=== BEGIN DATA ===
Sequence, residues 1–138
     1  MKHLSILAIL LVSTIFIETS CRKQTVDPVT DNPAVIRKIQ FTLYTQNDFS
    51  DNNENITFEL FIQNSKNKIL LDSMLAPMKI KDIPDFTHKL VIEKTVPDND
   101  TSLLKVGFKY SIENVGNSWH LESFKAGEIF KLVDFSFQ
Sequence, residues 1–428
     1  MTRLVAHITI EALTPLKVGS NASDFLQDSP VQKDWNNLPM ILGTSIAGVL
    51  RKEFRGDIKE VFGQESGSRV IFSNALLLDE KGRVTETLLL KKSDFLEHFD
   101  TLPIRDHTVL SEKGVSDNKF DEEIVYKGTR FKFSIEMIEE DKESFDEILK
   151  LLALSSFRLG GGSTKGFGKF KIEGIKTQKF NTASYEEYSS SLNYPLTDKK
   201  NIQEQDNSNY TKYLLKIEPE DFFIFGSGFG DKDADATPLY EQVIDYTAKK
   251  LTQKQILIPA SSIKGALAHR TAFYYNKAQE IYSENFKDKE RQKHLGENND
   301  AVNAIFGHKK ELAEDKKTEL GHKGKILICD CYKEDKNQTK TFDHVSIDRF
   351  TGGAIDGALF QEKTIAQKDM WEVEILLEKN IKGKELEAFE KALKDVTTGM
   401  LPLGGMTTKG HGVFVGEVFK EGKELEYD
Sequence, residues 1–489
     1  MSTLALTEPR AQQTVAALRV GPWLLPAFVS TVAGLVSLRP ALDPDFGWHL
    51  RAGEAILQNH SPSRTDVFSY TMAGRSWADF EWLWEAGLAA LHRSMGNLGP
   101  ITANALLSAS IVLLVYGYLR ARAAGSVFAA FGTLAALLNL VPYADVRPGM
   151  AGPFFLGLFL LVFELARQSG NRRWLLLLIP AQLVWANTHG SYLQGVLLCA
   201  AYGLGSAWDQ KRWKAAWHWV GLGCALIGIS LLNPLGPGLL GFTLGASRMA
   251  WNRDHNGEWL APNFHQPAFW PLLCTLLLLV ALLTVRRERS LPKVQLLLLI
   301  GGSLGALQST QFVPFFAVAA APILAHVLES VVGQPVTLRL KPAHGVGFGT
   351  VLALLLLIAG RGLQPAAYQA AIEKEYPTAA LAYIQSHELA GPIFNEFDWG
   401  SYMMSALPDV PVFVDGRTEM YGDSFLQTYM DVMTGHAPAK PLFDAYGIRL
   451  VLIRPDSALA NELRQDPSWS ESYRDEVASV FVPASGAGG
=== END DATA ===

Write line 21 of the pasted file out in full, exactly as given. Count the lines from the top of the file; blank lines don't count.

   251  WNRDHNGEWL APNFHQPAFW PLLCTLLLLV ALLTVRRERS LPKVQLLLLI